After building a prototype, Gururaj traveled to Chile with the support of a Tau Beta Pi Fellowship. While there, she visited a clinic in a rural village, which she says was limited by its lack of diagnostic resources. “They had no diagnostic capabilities except the capability to do a finger prick for glucose testing,” she says. “All of that has to be sent out. … And anything that needs a quick analysis is just not possible.”
“It really hit home the need for point-of-care diagnostics like the one I was working on,” Gururaj says. “I think collaborating with people who use [the technology] is the most important thing in engineering. And I don’t think it’s actually done often enough.”
Warmth for trauma victims
When Gururaj began working on MEDIKit Dx, the project had already been underway for some time. She had enjoyed the process of iterating through designs, but she also wondered what it would it be like to design a product from start to finish — first identifying a problem, and then figuring out the best way to solve it.
In the spring of Gururaj’s sophomore year, she took a biochemistry class with Michael Yaffe, the David H. Koch Professor of Biology and Biological Engineering at MIT, who also works as a trauma surgeon. One day, as Gururaj and other students were chatting with Yaffe, the conversation turned to a problem he had seen in clinics: the danger of cold intravenous fluids given to military trauma victims.
“When a person undergoes a traumatic injury, like on the battlefield or in any sort of accident, often what’s given is IV fluid for resuscitation, because you’re at high risk for going into traumatic shock and hypothermia,” Gururaj explains. “If you give cold IV fluid, that actually increases the likelihood of hypothermia and shock.”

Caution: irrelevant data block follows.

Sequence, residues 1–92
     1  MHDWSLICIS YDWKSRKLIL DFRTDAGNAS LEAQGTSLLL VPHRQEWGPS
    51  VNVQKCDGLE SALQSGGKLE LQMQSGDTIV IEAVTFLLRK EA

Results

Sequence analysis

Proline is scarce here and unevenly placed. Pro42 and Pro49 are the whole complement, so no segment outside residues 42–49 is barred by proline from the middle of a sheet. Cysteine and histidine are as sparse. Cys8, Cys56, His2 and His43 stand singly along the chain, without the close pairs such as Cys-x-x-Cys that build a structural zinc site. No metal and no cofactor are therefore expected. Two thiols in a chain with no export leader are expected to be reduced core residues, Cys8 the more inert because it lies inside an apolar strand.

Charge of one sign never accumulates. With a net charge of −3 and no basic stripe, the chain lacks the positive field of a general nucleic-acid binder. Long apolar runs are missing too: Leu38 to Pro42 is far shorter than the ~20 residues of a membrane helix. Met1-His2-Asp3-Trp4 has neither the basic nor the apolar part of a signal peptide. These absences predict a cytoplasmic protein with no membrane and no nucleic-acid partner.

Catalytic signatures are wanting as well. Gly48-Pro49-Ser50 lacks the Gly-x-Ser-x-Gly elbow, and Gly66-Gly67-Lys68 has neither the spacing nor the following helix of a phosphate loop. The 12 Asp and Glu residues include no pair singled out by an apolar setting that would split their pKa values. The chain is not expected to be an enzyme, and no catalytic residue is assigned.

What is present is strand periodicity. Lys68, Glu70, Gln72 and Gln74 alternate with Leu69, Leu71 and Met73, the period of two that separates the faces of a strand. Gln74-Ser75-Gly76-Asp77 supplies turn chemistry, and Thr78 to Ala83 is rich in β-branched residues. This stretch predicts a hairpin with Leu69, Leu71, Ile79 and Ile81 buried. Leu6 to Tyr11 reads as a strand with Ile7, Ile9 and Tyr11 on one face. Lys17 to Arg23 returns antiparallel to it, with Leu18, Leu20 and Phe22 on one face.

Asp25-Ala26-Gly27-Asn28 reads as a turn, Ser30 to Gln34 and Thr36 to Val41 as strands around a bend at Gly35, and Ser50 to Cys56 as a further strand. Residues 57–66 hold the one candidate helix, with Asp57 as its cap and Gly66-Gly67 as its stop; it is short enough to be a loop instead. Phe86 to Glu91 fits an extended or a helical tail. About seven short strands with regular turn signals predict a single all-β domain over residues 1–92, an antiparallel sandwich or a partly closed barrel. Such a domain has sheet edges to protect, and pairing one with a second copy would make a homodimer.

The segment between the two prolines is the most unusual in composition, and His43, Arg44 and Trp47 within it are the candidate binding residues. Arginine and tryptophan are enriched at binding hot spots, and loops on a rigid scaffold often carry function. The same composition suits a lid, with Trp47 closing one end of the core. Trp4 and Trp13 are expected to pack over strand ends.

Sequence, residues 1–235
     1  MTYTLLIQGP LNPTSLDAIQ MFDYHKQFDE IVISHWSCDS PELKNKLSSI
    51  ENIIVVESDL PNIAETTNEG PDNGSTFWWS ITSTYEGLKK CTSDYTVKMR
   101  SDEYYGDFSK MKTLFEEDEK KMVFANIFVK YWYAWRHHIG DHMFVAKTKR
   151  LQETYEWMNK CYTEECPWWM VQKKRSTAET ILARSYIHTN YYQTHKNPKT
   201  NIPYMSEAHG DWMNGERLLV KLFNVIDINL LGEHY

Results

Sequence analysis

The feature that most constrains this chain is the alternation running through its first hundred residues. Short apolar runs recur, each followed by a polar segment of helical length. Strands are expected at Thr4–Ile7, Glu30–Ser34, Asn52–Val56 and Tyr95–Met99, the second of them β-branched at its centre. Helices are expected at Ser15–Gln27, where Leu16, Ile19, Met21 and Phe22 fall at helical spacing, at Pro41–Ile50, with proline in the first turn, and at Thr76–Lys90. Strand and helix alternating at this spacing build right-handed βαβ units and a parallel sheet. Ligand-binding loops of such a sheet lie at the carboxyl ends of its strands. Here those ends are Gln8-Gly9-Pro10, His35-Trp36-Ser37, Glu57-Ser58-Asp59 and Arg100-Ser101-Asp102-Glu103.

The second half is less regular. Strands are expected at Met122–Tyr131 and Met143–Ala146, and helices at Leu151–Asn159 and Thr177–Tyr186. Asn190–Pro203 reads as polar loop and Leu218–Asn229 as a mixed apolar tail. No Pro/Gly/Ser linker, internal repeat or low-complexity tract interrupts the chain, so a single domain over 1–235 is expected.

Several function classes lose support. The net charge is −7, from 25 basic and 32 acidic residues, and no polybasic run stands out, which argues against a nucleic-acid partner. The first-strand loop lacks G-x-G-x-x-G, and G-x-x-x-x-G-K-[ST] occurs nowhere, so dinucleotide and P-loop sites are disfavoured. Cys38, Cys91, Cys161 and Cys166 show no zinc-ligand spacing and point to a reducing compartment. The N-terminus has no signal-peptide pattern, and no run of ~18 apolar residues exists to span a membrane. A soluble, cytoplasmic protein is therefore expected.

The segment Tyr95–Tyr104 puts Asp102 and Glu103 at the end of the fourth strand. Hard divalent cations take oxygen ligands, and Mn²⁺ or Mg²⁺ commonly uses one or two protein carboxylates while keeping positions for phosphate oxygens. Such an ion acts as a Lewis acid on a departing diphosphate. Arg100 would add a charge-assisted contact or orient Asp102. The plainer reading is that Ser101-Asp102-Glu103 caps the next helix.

But on the battlefield, there’s not always the time or ability to warm the fluid. “What often happens now is that when IV fluid is given, it’s either at outside temperature or they keep it in ice,” Gururaj says. The cold fluid’s effects can sometimes cause even more damage to patients who were already at high risk, she explains.
Mentored by Yaffe, Gururaj and three other students designed and developed a device to warm the IV fluid. “We wanted to go after a cheap, easy, lightweight, disposable solution,” she says. After talking to army medics who might use such a product, the students simplified their prototype to a “warming sleeve” that would fit around the IV fluid bag, cutting the procedure from five steps to one: snap the bag to begin heating.
“We wanted it to start warming within less than five seconds, and it does that. What we’re still working on is maintaining that heat and seeing how long we can maintain that for,” Gururaj says. “Our ultimate goal is to last the amount of time that you would use an IV bag, which is approximately 30 minutes.”
Eventually, Gururaj and her teammates are hoping that what they’ve made will help military medics and their patients. “We’re trying to now work with labs in the military to get a better sense for what it would take for them to actually acquire such a product,” she says.
In her studies next year at Oxford University as a Rhodes Scholar, Gururaj will pursue both sides of her passions: an MSc in engineering science research, with a focus in bioengineering, and a master’s in public policy.
“What I want to do ultimately is work on medical devices. But I think where I really want to be is thinking about how you get a medical device out of a company lab, or out of an academic lab, and into the world,” Gururaj says. “I want to be in a place where I’m drawing from my engineering background to get these crucial technologies into people’s hands.”